permitted them to consult with each other. That is what the police did in Commonwealth v. McFadden, 470 Pa. 604, 369 A.2d 1156 (1977), where the ensuing confession was held admissible. Instead, the officer gave appellant no chance to consult with his mother but took him directly to the county prison; appellant was told of his constitutional rights on the way, in the police car. N.T. 11-12. The officer did not take appellant's mother along, nor even ask her whether she would go. N.T. 12.
The foregoing conduct by the police might not matter if later, while appellant was in the county prison, the police had afforded appellant "access to the advice of an attorney, parent or interested adult." Commonwealth v. Hailey, supra. The majority says the police did do that, and argues that Ralph Reed, the counselor at the county prison, was an "interested adult." I submit that this argument is not persuasive.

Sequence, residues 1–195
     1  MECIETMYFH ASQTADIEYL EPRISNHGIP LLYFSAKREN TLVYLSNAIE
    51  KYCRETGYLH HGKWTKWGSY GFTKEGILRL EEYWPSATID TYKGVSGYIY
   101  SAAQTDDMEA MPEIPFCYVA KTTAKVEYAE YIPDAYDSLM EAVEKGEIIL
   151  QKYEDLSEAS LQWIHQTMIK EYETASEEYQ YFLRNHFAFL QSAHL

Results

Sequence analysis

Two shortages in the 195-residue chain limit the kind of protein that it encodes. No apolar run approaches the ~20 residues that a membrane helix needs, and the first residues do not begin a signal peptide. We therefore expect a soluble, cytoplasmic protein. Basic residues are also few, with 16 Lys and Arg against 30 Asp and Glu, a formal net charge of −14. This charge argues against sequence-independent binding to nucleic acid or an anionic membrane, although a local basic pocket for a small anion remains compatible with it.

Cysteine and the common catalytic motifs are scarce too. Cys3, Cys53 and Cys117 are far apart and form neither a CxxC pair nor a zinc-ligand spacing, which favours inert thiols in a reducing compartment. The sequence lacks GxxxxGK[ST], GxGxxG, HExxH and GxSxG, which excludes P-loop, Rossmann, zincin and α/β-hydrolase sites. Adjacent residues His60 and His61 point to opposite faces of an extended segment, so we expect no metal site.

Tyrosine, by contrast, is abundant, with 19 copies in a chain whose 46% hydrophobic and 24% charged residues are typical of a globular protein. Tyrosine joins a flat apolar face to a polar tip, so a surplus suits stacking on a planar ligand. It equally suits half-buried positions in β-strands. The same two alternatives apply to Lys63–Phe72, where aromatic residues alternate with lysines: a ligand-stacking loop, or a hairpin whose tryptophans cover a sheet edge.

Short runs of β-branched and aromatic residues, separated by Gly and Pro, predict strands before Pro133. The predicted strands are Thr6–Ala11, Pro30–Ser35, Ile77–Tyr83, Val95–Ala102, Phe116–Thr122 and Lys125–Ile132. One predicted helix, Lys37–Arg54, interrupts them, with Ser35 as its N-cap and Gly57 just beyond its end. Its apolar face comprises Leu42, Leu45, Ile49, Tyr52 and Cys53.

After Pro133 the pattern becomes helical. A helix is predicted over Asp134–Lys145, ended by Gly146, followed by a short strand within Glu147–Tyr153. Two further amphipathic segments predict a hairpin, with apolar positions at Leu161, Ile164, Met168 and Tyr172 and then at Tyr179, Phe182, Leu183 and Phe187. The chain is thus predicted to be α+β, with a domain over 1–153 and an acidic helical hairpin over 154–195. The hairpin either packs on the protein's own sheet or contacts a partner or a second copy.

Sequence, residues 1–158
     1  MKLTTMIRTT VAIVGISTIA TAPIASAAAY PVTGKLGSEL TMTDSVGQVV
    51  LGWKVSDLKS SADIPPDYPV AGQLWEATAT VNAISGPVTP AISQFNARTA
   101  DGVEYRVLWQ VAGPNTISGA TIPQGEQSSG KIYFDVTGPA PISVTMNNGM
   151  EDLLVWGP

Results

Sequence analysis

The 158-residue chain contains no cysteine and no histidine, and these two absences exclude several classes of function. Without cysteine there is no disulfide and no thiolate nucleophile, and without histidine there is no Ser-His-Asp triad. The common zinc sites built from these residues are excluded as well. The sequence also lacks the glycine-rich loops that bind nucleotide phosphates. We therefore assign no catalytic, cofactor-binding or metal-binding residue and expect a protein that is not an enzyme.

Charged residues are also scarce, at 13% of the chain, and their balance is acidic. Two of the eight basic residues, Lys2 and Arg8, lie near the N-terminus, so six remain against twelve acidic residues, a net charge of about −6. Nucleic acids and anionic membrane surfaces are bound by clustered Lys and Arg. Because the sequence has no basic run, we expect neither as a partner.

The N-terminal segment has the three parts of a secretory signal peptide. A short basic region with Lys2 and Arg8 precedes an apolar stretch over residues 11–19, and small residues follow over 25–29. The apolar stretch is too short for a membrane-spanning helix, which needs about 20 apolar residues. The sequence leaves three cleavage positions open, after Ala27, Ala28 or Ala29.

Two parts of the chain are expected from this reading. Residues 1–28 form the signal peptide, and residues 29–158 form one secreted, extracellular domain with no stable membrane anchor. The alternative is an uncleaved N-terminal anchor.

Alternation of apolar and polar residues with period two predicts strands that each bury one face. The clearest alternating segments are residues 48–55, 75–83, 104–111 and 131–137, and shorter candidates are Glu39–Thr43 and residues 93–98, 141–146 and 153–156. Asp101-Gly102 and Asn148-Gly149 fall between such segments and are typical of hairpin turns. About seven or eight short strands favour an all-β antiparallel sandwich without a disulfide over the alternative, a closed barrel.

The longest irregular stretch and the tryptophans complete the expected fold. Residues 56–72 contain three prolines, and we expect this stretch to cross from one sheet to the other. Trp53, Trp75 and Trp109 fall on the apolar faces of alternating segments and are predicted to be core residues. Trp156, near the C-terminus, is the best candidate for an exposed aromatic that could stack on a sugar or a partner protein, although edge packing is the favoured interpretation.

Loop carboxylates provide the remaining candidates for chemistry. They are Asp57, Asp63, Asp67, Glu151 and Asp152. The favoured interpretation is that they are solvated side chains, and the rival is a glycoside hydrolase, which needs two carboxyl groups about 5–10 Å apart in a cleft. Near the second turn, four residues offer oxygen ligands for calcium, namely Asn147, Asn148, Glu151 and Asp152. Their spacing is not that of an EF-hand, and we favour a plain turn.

It is evident that the Supreme Court's requirement that the juvenile have access to the advice of "an attorney, parent or interested adult" can only be satisfied if the three persons thus identified are equally concerned with the juvenile's welfare. Of course, exact equality is not required; a parent and an attorney will necessarily regard the juvenile, and he will regard them, with different eyes, simply because the relationship of one is a blood relationship, the other's, professional. The point, however, is that the degree of concern for the juvenile's welfare must be equal in the intensity with which the juvenile's present position, and his possible courses of action, are considered, whether the person undertaking that consideration and advising the juvenile accordingly has a blood relationship with the juvenile, a professional relationship, or some other relationship, comprised in the description "interested adult." Any other interpretation of the Supreme Court's requirement of an "interested adult" would make no sense, for it would read the Court as saying that its requirement could be satisfied in